Posted Dec 29, 2005 12:34 pm CST
It is a classic problem. Web professionals don’t have the law practice knowledge to create great content for lawyers. And lawyers don’t have the computer skills to build sites themselves.
This does not mean a law office should not have a site; for the most part any Web site is better than none. But most lawyer sites are static, brochure sites. They identify the firm, its location and its lawyers. There is a listing of practice areas and attorney biographies. A few slick graphics complete the site, which hardly changes except when a lawyer leaves or joins the firm.
Content has always been king on the Internet, and one would think the legal profession is a natural for the Web. Our profession is loaded with content: reported cases, all kinds of procedural rules, ethical rules, the hot issues of the day, human problems of all sorts that are society’s most important issues, every aspect of conflict resolution, and the very essence of ordered liberty.
This is not to mention the psychological aspects of dealing with clients, judges, witnesses and other professionals. Even with all our ethical restrictions, there is no limit to the substantive content lawyers could put on the Net.
The Web’s visual orientation gives eyes to information. But like a newborn baby flooded with images, lawyers haven’t learned how to master digital reality. Graphics are tough. There are copyright and design issues, and lawyers generally are not artists. Even if all you want to do is use digital photos, editing for size, quality and content is an art unto itself.
But forget the visual. Words something lawyers ought to know something about may be the toughest aspect of the Web.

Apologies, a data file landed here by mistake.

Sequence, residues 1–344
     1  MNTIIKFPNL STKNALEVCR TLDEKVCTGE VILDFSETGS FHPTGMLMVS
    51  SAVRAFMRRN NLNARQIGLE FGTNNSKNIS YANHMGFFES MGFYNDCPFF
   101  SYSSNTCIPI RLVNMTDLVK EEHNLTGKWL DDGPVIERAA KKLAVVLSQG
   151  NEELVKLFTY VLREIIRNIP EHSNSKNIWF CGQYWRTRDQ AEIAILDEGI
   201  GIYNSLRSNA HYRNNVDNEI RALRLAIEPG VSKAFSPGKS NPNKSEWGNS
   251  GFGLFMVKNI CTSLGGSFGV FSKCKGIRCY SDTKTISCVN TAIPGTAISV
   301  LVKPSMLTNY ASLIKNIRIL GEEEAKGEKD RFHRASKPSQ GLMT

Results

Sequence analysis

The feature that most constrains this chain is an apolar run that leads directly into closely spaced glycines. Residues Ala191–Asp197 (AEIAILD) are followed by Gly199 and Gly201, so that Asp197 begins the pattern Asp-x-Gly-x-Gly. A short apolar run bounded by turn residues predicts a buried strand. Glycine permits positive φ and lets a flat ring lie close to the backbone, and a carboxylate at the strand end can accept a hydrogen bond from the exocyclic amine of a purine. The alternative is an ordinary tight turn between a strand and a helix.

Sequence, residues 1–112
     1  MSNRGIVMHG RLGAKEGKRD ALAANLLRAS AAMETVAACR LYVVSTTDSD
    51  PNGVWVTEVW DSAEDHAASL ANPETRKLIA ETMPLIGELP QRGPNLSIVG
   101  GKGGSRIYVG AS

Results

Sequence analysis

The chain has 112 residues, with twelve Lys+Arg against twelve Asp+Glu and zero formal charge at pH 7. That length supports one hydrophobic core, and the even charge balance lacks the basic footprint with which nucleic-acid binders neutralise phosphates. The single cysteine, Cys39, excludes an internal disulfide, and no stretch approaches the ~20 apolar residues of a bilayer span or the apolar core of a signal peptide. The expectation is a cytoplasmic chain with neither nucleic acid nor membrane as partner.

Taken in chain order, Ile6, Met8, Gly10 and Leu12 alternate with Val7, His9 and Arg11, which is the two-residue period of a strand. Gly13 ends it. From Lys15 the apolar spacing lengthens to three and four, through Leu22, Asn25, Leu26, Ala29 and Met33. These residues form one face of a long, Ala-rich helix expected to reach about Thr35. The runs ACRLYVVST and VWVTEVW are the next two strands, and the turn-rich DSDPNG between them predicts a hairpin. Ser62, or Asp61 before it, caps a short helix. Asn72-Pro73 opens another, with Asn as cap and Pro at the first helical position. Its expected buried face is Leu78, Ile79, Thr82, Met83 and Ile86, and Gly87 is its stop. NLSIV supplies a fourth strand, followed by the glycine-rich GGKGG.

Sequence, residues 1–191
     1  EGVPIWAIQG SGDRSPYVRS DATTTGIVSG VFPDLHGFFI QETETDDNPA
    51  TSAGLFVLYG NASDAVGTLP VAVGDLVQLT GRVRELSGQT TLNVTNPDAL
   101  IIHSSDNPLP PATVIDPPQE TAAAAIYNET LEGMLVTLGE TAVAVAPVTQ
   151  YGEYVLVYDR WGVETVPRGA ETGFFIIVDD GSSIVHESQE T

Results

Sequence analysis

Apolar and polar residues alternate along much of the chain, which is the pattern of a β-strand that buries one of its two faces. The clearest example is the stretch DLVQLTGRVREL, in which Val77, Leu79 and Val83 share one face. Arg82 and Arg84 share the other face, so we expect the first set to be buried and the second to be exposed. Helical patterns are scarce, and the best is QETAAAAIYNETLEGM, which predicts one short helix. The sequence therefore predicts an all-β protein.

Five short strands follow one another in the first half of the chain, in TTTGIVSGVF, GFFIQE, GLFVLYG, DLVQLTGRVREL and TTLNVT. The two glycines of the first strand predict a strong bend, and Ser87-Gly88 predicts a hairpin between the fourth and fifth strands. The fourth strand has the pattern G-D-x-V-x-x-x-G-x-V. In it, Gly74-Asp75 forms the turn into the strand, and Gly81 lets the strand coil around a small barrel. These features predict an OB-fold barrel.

Let’s say you want to post your state’s rules of civil procedure. The words themselves are in the public domain. But here are your immediate problems: Do you post one giant PDF (portable document format) file or small PDFs? Or do you post in hypertext markup language? If HTML, do you have one very long screen or break up the rules into sections? Table of contents? Index? Hyperlinks?
Now for the kicker: How to handle rule changes? And if you solve all that, are you going to have editorial content? If so, what are you going to do to keep it fresh? The farther down this list you get, the more value you are likely to provide.
Good lawyer Web sites are likely to become more common when more lawyers understand the power of an intranet (an internal, private Web site that is a repository for firm knowledge, and that selectively permits access to confidential information). Once you have a feel for that, the trick is to leverage knowledge publicly, eliminating what is confidential and emphasizing what is useful to potential clients.
While large firms may have more Web resources and a bigger electronic budget, small firms can make up for that with creativity and nimble movement.
Content is still king, and everything does not have to be accomplished at once. In fact, a Web site is never complete. It becomes instantly stale unless it changes dynamically, like a database that is constantly updated as part of a core process.
Bricks-and-mortar retailers say their windows are the eyes to their store, and your Web site is the world’s window into your firm. In a world that does not require bricks and mortar, ideas and words become even more important. That should not scare lawyers. Recognize that your Web site is never done. Then make it great.